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  1. Eric Gonzalez-Payne
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    Eric Gonzalez-Payne New Member

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    Prose

    Discussion in 'General Writing' started by Eric Gonzalez-Payne, Mar 2, 2013.

    I love a good bit of prose, Steinbecks grapes of wrath is magical. I am trying to write my own tale, a nonfiction piece. I wonder if my writing is too prose heavy, perhaps even purple prose.

    Here is a random sample

    “I’m ok” I said in hurried a breath. I ran my sandals over the worn path. The sound of sand, rolling between me and the world rumbled through the quiet night. My heart dropped like a broken elevator, I was in danger. I couldn’t go down. I couldn’t move and be certain that I would live. The possibility of falling, of sliding to my doom, of death and eternal darkness, were only a step away. Terror bathed the world in fog that caused everything - the sharp sweep of the hillside; the ink colored canes, the burgeoning cityscape around me - to dull and fade.


    Also I don't much like that "heart dropped" phrase, any advise on how to make that one better :)
     
  2. jwideman
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    jwideman Senior Member

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    A bit overwritten, yes. Go easier on the metaphors and similes. Cutting that cliche phrase out completely is a good start. Pardon me while I do horrible things to your prose.

    "I'm okay! I'm okay!"
    I ran my sandals over the worn path. The sound of sand, rolling between me and the world rumbled through the quiet night. I couldn’t go down. I couldn’t move and be certain that I would live. The possibility of falling, of death and eternal darkness, were only a step away. Terror bathed the world in a fog that caused the jagged hillside, the inky canes, and the cityscape around me to fade away.

    Steinbeck it's not, but the imagery is still there. I don't like saying anything in any kind of breath, so that's more my personal choice there. "Dull and fade" is just repeating yourself and I think you wanted to emphasize that point. "Fade away" is a stronger "fade." The last line had broken rhythm and I'm not sure you wanted that. "Burgeoning" seemed like an unnecessary adjective.
     
  3. Eric Gonzalez-Payne
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    Eric Gonzalez-Payne New Member

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    Thanks for the tips, they are wonderful, all of them. Another question, how does one come up with Steinbeck like prose? Also, in general, should metaphors and similes be minimized or removed?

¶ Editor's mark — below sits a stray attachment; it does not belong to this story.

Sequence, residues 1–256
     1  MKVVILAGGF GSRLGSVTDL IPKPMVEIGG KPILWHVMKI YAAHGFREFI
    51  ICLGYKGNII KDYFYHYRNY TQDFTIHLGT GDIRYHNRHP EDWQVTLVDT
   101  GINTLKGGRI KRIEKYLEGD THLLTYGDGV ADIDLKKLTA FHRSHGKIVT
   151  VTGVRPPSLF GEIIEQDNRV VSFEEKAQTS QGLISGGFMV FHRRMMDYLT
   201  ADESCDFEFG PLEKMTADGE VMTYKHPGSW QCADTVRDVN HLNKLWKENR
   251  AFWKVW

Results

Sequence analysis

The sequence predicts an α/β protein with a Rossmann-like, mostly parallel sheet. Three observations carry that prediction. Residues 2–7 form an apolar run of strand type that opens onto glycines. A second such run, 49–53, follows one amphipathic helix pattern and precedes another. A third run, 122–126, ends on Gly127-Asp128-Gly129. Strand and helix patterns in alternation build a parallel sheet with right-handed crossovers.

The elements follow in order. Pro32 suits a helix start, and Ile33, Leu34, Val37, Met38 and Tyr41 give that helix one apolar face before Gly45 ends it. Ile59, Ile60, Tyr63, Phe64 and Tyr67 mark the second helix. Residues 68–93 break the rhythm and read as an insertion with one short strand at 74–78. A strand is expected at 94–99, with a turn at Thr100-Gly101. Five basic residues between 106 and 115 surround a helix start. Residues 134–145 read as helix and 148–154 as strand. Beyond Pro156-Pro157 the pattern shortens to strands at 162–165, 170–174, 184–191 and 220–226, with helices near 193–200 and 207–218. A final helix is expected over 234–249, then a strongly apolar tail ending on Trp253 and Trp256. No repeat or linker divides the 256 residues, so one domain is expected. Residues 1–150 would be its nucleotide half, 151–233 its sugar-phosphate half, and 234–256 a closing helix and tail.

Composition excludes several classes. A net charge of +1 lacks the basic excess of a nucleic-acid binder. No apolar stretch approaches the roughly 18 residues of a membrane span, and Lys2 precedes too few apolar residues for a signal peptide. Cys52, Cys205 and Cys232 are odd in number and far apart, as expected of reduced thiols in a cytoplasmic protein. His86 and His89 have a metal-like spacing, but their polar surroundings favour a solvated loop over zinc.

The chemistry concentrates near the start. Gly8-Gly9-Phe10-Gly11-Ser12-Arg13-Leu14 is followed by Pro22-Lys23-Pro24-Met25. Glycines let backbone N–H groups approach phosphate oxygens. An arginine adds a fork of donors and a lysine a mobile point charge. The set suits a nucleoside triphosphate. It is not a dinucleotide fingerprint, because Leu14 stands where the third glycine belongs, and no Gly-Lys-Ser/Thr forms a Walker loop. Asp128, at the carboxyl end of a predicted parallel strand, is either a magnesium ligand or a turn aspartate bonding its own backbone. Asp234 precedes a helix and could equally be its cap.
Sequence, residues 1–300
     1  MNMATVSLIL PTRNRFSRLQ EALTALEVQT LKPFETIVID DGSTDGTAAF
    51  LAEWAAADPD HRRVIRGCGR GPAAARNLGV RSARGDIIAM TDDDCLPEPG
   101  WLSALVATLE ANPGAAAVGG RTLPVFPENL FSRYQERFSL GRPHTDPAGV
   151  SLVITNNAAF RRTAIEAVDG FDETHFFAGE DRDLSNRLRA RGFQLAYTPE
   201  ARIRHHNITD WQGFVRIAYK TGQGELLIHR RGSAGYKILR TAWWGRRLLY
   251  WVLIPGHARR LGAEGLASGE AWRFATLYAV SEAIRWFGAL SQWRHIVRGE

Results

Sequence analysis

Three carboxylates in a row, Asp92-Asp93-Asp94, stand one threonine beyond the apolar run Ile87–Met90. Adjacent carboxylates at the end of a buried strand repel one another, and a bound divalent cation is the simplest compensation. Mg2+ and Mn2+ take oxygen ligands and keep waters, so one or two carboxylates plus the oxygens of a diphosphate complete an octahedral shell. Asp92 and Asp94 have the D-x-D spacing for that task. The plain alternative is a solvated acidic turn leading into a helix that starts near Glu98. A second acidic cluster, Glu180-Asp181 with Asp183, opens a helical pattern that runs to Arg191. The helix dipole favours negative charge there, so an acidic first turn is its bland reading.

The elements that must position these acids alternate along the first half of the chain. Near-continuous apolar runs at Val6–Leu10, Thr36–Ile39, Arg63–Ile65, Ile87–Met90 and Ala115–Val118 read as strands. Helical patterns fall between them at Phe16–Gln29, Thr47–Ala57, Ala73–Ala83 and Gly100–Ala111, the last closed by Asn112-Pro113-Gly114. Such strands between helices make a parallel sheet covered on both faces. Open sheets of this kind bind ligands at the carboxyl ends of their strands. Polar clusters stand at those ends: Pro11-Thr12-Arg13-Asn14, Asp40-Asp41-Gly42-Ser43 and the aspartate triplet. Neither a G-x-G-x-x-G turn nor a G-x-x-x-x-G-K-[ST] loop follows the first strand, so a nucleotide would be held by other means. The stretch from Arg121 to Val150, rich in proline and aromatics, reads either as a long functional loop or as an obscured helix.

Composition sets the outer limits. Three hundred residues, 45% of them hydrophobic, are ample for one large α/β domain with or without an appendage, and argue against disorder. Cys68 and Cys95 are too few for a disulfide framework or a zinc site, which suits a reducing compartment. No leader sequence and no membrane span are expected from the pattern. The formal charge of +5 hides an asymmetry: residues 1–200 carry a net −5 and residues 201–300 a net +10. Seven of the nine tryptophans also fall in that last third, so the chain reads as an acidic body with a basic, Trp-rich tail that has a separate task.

4. thirdwind
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    thirdwind Contributing Member Contest Administrator Reviewer Contributor

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    Read a lot of Steinbeck and emulate his style. However, I would recommend not copying his style exactly. Rather, tweak it a little, sort of like Toni Morrison did with Faulkner's style.

    That depends on your style of writing. There's nothing inherently wrong with using them, but using them sparingly has the best effect IMO.
     
  5. peachalulu
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    peachalulu Contributing Member Reviewer Contributor

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    Also read poety - that will help you to tighten your sentences to give you the sharpest impact.
     
  6. Eric Gonzalez-Payne
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    Eric Gonzalez-Payne New Member

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    I spent the last year traveling the world and reading, I read 30 books in order to advance my knowledge of writing. Sadly they were not prose heavy books, so I still have much to learn...but at least they brought me to the stage where I enjoy books simply for their prose. I will add poetry to my list of things to read.
     
  7. jwideman
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    jwideman Senior Member

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    Metaphors and similes are okay. You can do them a lot, or a little. What you want to avoid, except in very special circumstances, is a) mixing them and b) stacking them. I'm sure you know what mixing means. Stacking is hitting the reader with them one after the other. Two metaphors in the same paragraph is brutal. Two in as many sentences is suffocating.

    Anyway, I would advise new writers to not try to write in the style of another writer. You have to develop your own style first, and that comes simply from writing a lot. At first it's going to be crap. If you're trying to write like Steinbeck, it's going to be Steinbeck on a very bad day.
     
  8. mammamaia
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    mammamaia nit-picker-in-chief Contributor

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    how can it be both a 'tale' and 'non-fiction'?...

    and what do you mean by 'prose-heavy'?... can a work of prose [= not poetry] be 'prose-light'?... or 'prose-normal'?...
     

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